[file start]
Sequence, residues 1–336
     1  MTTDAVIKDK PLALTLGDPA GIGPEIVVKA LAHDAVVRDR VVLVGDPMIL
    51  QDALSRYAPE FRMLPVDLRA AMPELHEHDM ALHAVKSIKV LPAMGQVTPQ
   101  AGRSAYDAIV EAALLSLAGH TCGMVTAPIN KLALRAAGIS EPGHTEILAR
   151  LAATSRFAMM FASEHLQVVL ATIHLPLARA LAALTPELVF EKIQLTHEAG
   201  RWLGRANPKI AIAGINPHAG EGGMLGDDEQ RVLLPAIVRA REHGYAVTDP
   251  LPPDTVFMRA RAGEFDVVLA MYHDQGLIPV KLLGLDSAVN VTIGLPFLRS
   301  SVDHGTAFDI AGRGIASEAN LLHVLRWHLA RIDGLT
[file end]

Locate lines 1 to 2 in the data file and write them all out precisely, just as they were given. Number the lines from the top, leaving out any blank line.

Sequence, residues 1–336
     1  MTTDAVIKDK PLALTLGDPA GIGPEIVVKA LAHDAVVRDR VVLVGDPMIL